Travelling in a pair or a group can feel much safer than being alone. You can look out for each other and watch over each other’s belongings. If you are travelling solo, there are some precautions you can take, for example, don’t arrive at your destination during the night.
  • Expensive
    Travelling alone tends to be more expensive. Hostels typically charge by the room, not by the number of people staying in them. People travelling in groups can split the cost of food and other expenses.
  • Boring pictures
    If you’re travelling alone, you’ll probably end up with lots of ‘MySpace’ style pictures, because you’ll have no one to snap your pic at all the wonderful places you visit.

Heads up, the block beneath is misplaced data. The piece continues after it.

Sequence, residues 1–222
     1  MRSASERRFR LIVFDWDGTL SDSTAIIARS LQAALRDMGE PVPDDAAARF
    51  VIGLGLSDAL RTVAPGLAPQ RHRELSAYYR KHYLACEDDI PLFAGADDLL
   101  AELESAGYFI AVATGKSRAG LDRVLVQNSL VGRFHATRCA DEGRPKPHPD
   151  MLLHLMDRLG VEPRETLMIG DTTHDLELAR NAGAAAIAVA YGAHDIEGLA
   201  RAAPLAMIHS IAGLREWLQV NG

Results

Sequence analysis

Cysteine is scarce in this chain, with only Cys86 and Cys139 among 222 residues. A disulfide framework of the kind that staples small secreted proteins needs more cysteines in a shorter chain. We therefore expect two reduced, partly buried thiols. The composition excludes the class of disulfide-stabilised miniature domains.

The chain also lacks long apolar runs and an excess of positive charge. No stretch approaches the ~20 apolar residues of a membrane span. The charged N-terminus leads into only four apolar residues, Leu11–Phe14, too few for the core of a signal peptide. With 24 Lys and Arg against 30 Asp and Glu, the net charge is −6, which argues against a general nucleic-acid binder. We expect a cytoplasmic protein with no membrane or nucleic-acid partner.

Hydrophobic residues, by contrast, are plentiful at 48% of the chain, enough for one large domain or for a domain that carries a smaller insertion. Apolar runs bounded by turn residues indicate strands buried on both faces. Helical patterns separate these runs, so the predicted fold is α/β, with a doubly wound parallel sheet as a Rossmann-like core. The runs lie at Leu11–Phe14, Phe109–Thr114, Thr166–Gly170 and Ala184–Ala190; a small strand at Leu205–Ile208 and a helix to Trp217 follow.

• No safety net
    If you travel alone, you’ll be completely responsible for your own actions. There will be nobody there to look after you, or to tell you when you’re too drunk, or when you’ve spent too much money.

Affordable Guilt Free East African Getaways

Affordable Guilt Free East African Getaways
Samburu2BGame2BViewing Affordable Guilt Free East African Getaways
 
Nature Bound Africa blasts the myth that an East Africa vacation is only for the rich with our Guilt-Free Getaways, a collection of short getaways to East Africa that start as low as $2,500 per person.